An interview with Meike Stella Batos
The Fair Trade certificate for canned tuna secures the rights of fishers at sea and those of workers in the processing factories. The factory that produces our Fair Trade canned tuna is located next to the harbor in Bitung, Indonesia, and received its Fair Trade certificate in February 2020. Meike Stella Batos has worked there for more than eight years and describes how she experienced the certification process.
Meike works in the so-called “loining area”. This is where the white tuna fillet (loins) is separated from the red fish meat. She processes around 660 pounds of tuna per day. Together with her colleagues, they produce more than 80.000 pounds of tuna a day. The use of sharp knives, hydraulic machines, and conveyor belts makes the work on the factory floor not without danger. However, since the introduction of Fair Trade, awareness of worker safety has increased, as Meike has noticed.
“Wearing gloves is now mandatory for everyone in the filleting department. Another advantage is that my hands don’t age as quickly,” says Meike, proudly presenting her hands to the camera.
In addition, the factory floor has been given a non-slip coating. “Washing down fish and work materials means that the floor is wet the entire time. This has led to dangerous situations in the past, but since the new floor coating, the risk of slipping has decreased significantly.”
Meike filleting the fish
For Meike, the introduction of the “box” is the most significant change since the Fair Trade certification. Here, anyone can leave an anonymous message if they feel something is wrong. It could be a complaint about a lack of safety or inappropriate behavior by a manager. This procedure allows everyone to report a problem without fear of reprisals. Meike: “I know colleagues who have used this reporting system. And the great thing is that management has acted. This option gives me a sense of security.”
A workweek for Meike includes five full days and a half-day on Saturday. Since Fair Trade began, income has been tied to Indonesian law. “Salaries are now paid on time, and overtime is paid. At Christmas, I even get vacation pay, and if I’m sick, I get paid as usual.”
Meike now sees her colleagues as friends. She has known most of them for eight years, and now they even see each other outside of working hours. “Everything in life is discussed with each other, and that’s how time flies. Some women also run an online store from home, for example, with T-shirts, but that’s no longer an option for me. I prefer to spend my time at home with my children, at the beach, or church.”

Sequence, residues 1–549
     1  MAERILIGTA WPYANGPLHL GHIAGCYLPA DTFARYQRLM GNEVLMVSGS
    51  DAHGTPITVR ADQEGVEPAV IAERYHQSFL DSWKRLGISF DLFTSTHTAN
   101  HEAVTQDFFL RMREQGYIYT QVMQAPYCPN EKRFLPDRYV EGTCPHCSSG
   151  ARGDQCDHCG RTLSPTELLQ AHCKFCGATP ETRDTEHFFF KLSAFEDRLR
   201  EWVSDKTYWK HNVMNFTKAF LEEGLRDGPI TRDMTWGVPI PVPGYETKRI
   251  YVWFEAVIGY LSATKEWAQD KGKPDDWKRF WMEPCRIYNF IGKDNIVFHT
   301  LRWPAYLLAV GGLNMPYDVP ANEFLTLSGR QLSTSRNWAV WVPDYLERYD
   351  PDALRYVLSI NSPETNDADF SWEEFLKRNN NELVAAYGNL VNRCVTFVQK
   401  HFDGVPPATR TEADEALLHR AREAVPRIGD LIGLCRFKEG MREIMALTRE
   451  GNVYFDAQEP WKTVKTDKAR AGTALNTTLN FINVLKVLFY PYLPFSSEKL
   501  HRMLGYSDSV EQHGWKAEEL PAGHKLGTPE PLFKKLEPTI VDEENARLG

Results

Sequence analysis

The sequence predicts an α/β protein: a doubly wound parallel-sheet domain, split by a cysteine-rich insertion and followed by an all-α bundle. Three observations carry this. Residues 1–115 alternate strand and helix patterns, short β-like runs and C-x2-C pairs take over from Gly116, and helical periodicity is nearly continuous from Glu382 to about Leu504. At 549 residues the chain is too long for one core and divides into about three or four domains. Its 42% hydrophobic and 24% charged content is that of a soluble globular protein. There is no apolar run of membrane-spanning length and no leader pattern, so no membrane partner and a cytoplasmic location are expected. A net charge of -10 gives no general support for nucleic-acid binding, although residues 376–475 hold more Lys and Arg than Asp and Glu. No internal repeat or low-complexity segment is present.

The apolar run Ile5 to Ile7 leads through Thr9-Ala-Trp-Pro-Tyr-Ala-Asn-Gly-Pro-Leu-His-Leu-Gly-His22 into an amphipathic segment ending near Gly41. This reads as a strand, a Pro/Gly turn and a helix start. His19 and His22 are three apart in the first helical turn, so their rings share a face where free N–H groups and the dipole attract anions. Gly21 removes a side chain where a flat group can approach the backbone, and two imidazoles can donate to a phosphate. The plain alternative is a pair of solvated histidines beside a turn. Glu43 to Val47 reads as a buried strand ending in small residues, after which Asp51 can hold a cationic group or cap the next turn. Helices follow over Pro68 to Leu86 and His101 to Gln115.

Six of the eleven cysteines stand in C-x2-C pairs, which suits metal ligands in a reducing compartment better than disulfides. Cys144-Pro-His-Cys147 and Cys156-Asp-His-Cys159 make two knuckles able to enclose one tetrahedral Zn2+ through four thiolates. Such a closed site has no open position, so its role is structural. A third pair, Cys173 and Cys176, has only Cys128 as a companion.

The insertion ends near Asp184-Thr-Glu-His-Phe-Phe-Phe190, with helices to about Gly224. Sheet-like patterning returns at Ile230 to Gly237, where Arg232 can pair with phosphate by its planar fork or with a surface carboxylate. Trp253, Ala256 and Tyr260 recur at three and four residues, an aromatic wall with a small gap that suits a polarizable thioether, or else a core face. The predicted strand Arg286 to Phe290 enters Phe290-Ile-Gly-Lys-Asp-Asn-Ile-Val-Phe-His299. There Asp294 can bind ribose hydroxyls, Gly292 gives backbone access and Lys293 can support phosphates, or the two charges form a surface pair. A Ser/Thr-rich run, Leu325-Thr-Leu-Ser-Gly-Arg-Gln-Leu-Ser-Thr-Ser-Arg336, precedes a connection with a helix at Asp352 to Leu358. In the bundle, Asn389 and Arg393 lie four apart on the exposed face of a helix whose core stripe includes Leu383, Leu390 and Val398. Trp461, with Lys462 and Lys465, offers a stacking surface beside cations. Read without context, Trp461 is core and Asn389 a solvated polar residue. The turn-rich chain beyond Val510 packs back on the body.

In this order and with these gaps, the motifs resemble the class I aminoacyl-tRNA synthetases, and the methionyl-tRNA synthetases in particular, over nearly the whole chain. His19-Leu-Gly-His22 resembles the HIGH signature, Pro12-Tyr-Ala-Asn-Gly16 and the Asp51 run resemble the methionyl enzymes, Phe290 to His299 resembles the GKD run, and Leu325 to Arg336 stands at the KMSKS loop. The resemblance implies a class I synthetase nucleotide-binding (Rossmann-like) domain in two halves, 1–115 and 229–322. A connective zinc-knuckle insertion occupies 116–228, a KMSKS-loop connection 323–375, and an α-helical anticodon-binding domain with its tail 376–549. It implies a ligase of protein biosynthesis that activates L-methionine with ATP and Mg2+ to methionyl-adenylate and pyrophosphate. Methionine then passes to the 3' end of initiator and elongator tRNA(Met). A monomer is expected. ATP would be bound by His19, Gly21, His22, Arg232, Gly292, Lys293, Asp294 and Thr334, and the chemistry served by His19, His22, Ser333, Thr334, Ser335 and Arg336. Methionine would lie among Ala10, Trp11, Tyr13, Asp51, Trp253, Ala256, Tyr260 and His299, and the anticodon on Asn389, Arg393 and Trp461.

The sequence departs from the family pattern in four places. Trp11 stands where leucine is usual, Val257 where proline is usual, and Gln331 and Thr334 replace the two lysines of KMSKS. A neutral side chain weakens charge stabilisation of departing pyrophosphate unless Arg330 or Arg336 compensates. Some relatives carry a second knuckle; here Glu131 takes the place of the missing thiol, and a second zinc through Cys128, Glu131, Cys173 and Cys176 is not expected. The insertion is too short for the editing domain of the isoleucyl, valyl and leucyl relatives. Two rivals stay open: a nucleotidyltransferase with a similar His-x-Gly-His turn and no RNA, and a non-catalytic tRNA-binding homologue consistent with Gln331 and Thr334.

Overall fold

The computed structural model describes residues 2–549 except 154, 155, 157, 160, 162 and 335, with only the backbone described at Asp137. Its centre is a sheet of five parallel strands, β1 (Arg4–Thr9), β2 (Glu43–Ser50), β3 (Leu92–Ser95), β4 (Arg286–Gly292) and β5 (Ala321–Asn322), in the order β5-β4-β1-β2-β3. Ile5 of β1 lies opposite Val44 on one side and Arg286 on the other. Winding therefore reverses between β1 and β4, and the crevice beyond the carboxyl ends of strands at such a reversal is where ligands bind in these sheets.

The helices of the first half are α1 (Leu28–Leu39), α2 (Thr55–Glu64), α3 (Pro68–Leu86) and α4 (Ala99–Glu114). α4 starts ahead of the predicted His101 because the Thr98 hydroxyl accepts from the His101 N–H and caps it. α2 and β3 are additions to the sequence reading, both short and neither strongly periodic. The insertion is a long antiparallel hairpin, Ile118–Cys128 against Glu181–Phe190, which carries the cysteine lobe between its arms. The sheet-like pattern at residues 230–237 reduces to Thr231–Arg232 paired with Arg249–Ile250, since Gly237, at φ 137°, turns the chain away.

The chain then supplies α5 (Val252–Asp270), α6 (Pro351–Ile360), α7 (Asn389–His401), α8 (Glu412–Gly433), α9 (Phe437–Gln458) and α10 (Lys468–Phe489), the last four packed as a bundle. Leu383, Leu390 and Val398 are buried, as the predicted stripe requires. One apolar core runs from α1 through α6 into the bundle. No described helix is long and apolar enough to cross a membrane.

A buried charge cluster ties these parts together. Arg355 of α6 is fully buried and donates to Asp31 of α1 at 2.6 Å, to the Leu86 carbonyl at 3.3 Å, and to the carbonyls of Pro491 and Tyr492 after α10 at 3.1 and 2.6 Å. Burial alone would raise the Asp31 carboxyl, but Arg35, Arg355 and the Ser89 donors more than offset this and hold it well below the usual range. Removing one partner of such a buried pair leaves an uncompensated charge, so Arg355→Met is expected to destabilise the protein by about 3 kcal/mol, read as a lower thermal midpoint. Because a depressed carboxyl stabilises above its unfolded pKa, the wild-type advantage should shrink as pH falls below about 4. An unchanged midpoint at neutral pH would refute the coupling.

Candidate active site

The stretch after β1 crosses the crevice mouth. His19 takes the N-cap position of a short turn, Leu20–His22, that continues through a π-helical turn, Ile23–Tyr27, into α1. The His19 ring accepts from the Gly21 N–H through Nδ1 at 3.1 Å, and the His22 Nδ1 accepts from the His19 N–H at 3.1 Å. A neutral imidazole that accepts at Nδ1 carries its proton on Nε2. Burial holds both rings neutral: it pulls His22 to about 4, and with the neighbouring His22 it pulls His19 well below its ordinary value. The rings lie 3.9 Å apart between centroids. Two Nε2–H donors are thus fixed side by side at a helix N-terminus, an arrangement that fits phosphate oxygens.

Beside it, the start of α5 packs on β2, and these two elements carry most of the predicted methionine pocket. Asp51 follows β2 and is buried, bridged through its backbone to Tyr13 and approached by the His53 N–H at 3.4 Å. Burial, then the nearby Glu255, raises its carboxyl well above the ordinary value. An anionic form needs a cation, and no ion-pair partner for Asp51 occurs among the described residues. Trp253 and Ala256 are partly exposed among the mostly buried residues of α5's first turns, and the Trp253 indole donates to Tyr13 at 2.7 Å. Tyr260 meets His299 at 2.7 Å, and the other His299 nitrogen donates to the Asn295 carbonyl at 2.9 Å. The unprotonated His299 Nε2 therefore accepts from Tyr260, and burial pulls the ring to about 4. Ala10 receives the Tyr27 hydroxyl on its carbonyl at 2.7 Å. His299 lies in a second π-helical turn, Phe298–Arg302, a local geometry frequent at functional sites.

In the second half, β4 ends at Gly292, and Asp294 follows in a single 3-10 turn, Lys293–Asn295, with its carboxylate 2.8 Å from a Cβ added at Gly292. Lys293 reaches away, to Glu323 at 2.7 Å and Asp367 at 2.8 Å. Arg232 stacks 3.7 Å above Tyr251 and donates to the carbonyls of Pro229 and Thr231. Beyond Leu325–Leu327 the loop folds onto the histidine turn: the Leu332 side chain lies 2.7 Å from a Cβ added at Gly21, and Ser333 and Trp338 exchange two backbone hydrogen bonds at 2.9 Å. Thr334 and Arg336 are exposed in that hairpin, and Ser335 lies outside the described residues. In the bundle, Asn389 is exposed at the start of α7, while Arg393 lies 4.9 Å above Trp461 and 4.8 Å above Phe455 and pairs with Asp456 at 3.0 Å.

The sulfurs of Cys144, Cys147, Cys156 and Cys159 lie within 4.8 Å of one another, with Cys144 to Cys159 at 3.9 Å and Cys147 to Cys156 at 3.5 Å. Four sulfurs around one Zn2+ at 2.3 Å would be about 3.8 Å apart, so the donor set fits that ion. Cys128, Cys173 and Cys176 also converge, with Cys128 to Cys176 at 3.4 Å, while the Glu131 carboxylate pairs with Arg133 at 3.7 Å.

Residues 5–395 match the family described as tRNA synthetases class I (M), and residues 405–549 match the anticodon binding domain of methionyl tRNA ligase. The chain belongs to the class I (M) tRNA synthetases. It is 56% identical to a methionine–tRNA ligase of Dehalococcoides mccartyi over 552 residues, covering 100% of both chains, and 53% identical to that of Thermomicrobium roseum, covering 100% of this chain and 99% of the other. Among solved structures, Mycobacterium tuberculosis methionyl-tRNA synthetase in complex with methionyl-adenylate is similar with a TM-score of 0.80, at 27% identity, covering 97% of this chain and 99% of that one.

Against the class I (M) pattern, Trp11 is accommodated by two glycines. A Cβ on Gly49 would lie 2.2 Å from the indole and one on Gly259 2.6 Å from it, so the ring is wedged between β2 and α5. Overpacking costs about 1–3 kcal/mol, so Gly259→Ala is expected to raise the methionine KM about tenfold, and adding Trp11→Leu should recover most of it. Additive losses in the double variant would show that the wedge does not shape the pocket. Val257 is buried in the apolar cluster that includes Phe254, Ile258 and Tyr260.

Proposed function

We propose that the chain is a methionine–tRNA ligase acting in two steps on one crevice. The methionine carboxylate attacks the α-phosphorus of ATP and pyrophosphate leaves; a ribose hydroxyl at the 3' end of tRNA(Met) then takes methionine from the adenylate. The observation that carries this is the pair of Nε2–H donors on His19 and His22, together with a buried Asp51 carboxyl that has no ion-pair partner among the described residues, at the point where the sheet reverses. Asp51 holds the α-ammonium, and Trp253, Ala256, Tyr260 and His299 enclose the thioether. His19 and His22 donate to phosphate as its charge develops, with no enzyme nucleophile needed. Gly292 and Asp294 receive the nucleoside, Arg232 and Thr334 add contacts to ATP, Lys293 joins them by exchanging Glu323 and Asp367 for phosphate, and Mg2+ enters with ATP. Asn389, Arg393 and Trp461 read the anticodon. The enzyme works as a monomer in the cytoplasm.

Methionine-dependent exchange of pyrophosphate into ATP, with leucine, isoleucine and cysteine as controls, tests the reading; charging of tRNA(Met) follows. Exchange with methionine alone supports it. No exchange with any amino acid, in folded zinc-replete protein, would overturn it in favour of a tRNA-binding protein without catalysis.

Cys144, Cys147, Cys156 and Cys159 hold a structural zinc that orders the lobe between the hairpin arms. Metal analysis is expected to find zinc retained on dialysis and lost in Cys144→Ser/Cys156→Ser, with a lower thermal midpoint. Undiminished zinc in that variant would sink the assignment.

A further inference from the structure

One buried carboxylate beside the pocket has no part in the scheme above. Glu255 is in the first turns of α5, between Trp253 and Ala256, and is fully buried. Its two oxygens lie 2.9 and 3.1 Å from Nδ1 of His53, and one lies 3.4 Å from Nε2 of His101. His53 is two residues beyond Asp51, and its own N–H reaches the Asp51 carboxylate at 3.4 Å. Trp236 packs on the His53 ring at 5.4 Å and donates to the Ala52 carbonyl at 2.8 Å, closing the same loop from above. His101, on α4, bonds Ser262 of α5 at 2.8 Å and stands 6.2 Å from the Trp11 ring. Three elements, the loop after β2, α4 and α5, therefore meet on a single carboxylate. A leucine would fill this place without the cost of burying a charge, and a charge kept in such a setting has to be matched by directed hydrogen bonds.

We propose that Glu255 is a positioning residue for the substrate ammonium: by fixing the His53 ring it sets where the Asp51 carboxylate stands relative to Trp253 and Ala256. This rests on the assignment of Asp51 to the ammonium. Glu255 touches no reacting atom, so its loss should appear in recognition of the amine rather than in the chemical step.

Meike Stella Batos in Bitung
Company Cook vs. Meike
Meike’s highlight of each workday is lunch when employees can relax for an hour. The menu includes fried chicken, salted fish or beef stew with steamed rice, and a good spoonful of sambal. All colleagues agree that the food quality has improved a lot since the certification. But even the company chef can’t keep up with Meike’s cooking skills. Her favorite dish is Abon Ikan – a traditional dish with dried tuna, local herbs, and coconut milk. “I like to make this dish at home when we have a lot of guests. The community in Bitung is close and warm, so our house is always full on weekends.”
Meike has two daughters. The youngest, 19, just graduated from high school and now works in the same factory as her mother: in the dried fish department. The eldest is 23 and has almost completed her studies in aquaculture, or more precisely, fish farming.
In Indonesia, there is great potential for development in this regard. “On the one hand, I hope that my two daughters will have successful careers. On the other hand, I shudder at the thought that they might move to the other side of the country. They’ve never been this far away from me.”
When asked if Meike has any dreams for her future, she replied: “Every year, I look forward to returning to the village where my family lives, about a three-hour bus ride from Bitung. Since getting the Fair Trade certification, a dream has already come true because I no longer have to worry about the future. But if I can dream, I would love to travel to America one day!”